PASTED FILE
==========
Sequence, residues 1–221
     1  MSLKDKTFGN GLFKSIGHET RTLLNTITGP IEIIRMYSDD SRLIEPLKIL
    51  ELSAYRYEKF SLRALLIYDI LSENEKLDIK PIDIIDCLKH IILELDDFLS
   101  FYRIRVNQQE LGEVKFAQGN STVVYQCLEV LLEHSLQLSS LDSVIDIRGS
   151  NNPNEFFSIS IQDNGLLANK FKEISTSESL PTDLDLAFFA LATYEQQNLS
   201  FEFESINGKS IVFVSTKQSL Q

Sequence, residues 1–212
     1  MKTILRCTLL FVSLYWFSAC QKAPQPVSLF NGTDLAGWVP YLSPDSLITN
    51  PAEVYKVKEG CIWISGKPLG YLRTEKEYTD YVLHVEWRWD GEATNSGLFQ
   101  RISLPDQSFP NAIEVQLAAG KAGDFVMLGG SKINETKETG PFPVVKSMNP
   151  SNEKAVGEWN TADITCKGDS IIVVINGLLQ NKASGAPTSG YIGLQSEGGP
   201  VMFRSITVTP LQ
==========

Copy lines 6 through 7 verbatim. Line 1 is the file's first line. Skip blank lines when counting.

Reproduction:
   201  FEFESINGKS IVFVSTKQSL Q

Sequence, residues 1–212